An Exploration of How Low-Income Students Engage in Extracurricular and Co-Curricular Undergraduate Life
Access StatusFull text of the requested work is not available in DASH at this time ("dark deposit"). For more information on dark deposits, see our FAQ.
Stevens, Kimberly Ann
MetadataShow full item record
CitationStevens, Kimberly Ann. 2019. An Exploration of How Low-Income Students Engage in Extracurricular and Co-Curricular Undergraduate Life. Doctoral dissertation, Harvard Graduate School of Education.
AbstractThe below average graduation rates of low-income undergraduates (Nichols, 2015b) have created an urgent need to explore strategies to better support and retain this population. Participation in extracurricular and co-curricular activities is theorized to promote postsecondary retention by engaging students in campus communities, yet low-income students fail to participate in these activities at the same rate as their more affluent peers (Kezar, Walpole, & Perna, 2015; Kuh, 2009). Although financial pressures may be one limiting factor in low-income students’ participation (Walpole, 2003), research suggests that psychological barriers such as low feelings of belonging (Rubin, 2012) may also play a role in shaping students’ undergraduate engagement decisions. This research suggests the importance of studying the resources and relationships that low-income students draw on to successfully engage in extracurricular and co-curricular activities.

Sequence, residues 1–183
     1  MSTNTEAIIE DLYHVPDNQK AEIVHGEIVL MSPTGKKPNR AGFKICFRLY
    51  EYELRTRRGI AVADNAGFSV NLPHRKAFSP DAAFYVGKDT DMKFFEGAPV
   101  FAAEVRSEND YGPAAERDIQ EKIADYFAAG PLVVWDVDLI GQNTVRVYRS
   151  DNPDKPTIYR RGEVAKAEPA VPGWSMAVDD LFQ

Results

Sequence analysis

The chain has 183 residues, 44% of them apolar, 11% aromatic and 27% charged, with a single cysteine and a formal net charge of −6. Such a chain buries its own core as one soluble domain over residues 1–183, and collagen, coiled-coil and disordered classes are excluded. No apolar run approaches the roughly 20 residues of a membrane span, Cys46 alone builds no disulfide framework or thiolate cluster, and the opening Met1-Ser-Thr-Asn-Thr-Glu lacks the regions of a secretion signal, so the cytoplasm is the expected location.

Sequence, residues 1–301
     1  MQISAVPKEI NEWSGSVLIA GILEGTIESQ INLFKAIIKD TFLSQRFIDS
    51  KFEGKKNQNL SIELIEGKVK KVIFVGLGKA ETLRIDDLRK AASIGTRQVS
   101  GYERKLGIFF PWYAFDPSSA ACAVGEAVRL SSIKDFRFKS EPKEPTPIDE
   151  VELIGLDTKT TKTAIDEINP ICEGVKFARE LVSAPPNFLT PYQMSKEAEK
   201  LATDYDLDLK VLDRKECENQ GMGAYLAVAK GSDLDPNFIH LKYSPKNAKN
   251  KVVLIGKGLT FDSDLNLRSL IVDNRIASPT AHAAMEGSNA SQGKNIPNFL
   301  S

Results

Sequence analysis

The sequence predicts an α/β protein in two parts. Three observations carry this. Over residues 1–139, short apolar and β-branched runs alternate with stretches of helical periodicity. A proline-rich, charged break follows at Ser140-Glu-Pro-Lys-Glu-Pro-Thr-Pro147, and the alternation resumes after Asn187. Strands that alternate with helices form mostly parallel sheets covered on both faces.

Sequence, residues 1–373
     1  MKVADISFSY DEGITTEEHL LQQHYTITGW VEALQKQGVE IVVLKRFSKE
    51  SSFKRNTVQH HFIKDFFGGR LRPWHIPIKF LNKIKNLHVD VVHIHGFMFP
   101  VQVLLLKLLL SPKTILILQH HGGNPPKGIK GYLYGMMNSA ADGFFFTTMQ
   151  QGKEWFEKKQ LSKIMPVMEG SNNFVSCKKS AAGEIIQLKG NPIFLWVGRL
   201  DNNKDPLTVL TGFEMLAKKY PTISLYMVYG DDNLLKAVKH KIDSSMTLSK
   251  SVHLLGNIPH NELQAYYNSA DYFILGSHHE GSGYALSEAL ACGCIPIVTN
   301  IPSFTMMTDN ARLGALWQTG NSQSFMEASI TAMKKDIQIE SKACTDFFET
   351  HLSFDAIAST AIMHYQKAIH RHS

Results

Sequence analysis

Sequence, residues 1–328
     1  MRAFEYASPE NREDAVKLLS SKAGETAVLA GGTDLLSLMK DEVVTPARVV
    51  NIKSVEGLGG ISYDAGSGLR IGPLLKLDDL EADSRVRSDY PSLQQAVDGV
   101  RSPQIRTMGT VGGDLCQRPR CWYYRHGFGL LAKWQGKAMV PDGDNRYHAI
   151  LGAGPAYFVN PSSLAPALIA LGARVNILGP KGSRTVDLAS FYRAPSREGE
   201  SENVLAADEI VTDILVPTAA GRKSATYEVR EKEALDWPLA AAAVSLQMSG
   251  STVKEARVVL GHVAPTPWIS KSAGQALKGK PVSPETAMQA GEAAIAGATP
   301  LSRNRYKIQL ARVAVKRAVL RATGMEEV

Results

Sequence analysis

This study adds to the existing body of postsecondary engagement literature by exploring the psychological and social factors that inform how successful low-income students experience engaging activities on campus. To do this, the following dissertation study employs in-depth qualitative phenomenological interviewing to investigate how nine successful low-income juniors and seniors chose to engage in university extracurricular and co-curricular activities. Research participants were drawn from a sample of low-income students who participated in a co-curricular federal TRIO program housed within a public university with a large population of successful low-income graduates. This study suggests ways in which administrators can design more effective co-curricular and extracurricular programs and related policies to meet the needs of low-income undergraduates. Findings suggest that providing for basic financial needs, clearly demonstrating the link between engagement and future career goals and emphasizing the opportunity to serve the collective may be important tools that student support services practitioners can use to encourage low-income college student engagement in extracurricular and co-curricular activities.
Citable link to this pagehttp://nrs.harvard.edu/urn-3:HUL.InstRepos:42081438